Jacket Copy

Books, authors and all things bookish

« Previous Post | Jacket Copy Home | Next Post »

The curious life of books

February 21, 2008 |  3:28 pm

Tuesday, a.m.

At night the books on my desk rearrange themselves in different piles. Say, for example, I put the pile of 11 books on global warming all together. Next to a pile of books on the art of the memoir. Next to a pile of three upcoming novels about life in the West. They won’t have it. The grouping is too simple, too unsophisticated. In the morning, one of the books on global warming with a fiery cover has sidled over to a book of poems, "Empire Burlesque" by Mark Svenvold (many of the poems about the end of the world), both cozied up to a memoir about being single in L.A., adding up to a noir, Steve Erickson-style essay on the apocalypse that will never get written.

"The Bitter Sea: Coming of Age in a China Before Mao" by Charles N. Li lies deep in conversation with "Beijing Coma" by Ma Jin, an "allegory of rising China" shouts the flap copy; "a seminal examination of the Tiananmen Square protests," out this spring. The frat boy at this table (if my desk has become a warm yellow-lighted room in a bar in a cold college town) is a funny book called "Going Dutch in Beijing" by Mark McCrum, with drawings of familiar gestures that mean one thing in Peoria and another in Shanghai. "Changing Clothes in China: Fashion, History, Nation" by Antonia Finnane with its rich drawings of 1920s evening wraps keeps a polite distance from the riffraff.

What could they be discussing?

A book of black-and-white photographs of Frederick Law Olmsted landscapes by Lee Friedlander has a linen cover and a photo of dappled light on a warm lawn. A photo on the cover of a book I reviewed several weeks ago, "Hope’s Boy" by Andrew Bridge, is a dim reminder of the young man I interviewed just a few days ago, whose book (his first) is now climbing the New York Times’ best seller list (sixth on its way to fifth). "You won’t believe it!" he e-mails me. "I’m pinching myself!"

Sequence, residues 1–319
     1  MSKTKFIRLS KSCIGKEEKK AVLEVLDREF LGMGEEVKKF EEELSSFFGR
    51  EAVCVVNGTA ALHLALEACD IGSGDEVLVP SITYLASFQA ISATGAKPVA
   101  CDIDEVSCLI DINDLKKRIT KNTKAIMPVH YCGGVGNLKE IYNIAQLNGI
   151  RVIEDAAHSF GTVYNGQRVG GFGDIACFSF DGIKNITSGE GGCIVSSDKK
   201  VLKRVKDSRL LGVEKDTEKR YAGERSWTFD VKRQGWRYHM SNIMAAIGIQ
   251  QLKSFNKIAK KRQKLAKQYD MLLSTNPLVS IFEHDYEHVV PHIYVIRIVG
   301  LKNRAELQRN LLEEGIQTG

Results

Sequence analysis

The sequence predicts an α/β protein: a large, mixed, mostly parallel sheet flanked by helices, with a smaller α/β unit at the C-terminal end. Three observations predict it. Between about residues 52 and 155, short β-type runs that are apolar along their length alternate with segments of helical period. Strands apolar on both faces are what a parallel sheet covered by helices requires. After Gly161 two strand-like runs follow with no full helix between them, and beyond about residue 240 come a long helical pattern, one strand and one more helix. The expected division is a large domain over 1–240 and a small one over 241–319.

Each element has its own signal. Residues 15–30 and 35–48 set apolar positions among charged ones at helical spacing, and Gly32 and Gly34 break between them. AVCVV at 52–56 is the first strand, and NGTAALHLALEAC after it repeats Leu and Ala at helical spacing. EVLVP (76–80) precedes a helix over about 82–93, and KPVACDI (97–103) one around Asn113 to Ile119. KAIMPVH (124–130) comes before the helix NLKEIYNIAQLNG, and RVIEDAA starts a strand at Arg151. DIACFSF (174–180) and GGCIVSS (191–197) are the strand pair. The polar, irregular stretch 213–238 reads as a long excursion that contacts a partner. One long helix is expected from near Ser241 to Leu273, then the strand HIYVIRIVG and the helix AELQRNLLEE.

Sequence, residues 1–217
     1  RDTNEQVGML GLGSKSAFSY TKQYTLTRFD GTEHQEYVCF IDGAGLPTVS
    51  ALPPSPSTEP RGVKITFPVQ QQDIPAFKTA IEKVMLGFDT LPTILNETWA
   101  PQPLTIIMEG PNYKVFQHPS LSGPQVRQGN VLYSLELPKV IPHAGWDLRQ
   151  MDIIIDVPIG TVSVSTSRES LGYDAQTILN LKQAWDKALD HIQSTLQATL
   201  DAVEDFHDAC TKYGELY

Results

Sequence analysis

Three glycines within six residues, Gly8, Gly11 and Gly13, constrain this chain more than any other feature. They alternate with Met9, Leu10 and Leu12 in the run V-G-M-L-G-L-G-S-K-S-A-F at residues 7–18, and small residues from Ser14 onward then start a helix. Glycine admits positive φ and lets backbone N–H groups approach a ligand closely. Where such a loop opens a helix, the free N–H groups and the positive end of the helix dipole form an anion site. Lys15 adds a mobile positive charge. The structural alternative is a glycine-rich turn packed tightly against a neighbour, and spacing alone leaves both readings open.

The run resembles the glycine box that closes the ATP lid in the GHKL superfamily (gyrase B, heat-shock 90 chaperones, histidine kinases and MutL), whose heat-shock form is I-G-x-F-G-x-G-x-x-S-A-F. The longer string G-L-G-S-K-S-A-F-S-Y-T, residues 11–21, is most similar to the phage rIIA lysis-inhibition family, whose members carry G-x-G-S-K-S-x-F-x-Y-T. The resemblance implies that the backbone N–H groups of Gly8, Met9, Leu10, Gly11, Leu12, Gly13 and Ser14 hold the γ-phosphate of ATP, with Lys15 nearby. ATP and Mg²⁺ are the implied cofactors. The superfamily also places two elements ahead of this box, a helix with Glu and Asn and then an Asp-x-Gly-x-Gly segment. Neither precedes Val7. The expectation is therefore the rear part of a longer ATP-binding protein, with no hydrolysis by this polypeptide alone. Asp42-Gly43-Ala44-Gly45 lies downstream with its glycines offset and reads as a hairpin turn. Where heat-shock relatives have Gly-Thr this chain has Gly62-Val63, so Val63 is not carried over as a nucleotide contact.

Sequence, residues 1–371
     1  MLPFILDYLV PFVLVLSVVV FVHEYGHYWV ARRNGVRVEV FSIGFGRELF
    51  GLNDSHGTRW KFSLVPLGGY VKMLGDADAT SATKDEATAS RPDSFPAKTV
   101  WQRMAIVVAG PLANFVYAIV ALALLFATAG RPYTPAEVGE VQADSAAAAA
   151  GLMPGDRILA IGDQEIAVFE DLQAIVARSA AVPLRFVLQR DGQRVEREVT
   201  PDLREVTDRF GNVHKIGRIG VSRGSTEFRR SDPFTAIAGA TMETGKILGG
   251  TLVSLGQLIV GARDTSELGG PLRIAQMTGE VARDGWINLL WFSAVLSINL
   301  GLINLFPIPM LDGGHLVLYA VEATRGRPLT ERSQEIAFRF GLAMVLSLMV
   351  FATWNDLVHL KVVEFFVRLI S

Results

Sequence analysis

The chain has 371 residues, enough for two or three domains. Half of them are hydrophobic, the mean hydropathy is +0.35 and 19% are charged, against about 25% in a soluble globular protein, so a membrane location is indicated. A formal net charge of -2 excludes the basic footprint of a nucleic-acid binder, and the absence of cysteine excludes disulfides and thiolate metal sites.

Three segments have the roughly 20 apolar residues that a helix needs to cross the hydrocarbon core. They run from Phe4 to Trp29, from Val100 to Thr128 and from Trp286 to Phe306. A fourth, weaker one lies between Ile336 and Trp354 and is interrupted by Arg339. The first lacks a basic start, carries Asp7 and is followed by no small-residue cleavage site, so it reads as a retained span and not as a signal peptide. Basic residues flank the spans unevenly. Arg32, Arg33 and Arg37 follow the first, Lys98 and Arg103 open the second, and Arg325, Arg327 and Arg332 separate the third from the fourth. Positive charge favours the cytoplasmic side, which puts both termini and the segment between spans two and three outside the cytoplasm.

This business of writing and reading is not as simple as it seems. Books are not passive objects. They come hurtling toward you out of nowhere sometimes, just when you need that particular one. Andrew Bridge’s book took several months to digest. One morning in the car I realized that his experience (he was taken from his mother on an L.A. street at age 7 and placed in foster care) had showed me it was OK to love my own crazy mother for what she was and to defend her love for me against a culture that hates crazy mothers. No small thing for an object 5 1/2 by 10.

"Memo: From 'The Course of Empire' by Bernard DeVoto"
(From "Empire Burlesque" by Mark Svenvold, Ohio State University
Press: 80 pp., $13.95)

Autumn softens the bluffs on the river
With a haze, and a fierce, finite light--
Rivers flow into other rivers, and they
flow into rivers that flow into the sea.


Imagine, if you will, Coronado’s golden city,
For here he stood--never mind the doughnut bakery.
Rivers flow into other rivers, and they
flow into rivers that flow into the sea.


Despite the lost tribes of Welshmen,
Israelites, Amazons, unicorns, all maps agree:
Rivers flow into other rivers, and they
flow into rivers that flow into the sea.

Why ask the radar on the mountain
For latest news? Here’s an update--
Rivers flow into other rivers, and they
flow into rivers that flow into the sea.


You want it when? With graphs and charts?
You give me a headache. I’ll give you the summary.
Rivers flow into other rivers and they
flow into rivers that flow into the sea.

First the diagnosis, then the announcement:
"You’re now free to move about the denouement,"
as rivers flow into other rivers, and they
flow into rivers that flow into the sea.

How do I love thee, and why? O congeries
Of gorgeous lies, I’ve lost my way.
And rivers flow into other rivers, and they
flow into rivers that flow into the sea.

Susan Salter Reynolds

Comments 

Advertisement










Video